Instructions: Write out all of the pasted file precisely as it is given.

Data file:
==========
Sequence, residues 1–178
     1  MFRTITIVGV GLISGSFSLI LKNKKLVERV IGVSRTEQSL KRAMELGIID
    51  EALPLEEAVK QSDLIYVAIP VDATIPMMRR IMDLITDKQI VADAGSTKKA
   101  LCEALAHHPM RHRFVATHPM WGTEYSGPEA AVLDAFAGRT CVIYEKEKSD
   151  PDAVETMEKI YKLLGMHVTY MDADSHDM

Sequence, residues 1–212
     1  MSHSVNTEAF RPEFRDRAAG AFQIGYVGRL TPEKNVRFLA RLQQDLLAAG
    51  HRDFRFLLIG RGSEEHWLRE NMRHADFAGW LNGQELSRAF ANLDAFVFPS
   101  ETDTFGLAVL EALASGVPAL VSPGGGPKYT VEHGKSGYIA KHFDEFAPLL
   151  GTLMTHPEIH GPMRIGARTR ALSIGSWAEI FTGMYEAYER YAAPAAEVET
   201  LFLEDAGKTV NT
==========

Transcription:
Sequence, residues 1–178
     1  MFRTITIVGV GLISGSFSLI LKNKKLVERV IGVSRTEQSL KRAMELGIID
    51  EALPLEEAVK QSDLIYVAIP VDATIPMMRR IMDLITDKQI VADAGSTKKA
   101  LCEALAHHPM RHRFVATHPM WGTEYSGPEA AVLDAFAGRT CVIYEKEKSD
   151  PDAVETMEKI YKLLGMHVTY MDADSHDM

Sequence, residues 1–212
     1  MSHSVNTEAF RPEFRDRAAG AFQIGYVGRL TPEKNVRFLA RLQQDLLAAG
    51  HRDFRFLLIG RGSEEHWLRE NMRHADFAGW LNGQELSRAF ANLDAFVFPS
   101  ETDTFGLAVL EALASGVPAL VSPGGGPKYT VEHGKSGYIA KHFDEFAPLL
   151  GTLMTHPEIH GPMRIGARTR ALSIGSWAEI FTGMYEAYER YAAPAAEVET
   201  LFLEDAGKTV NT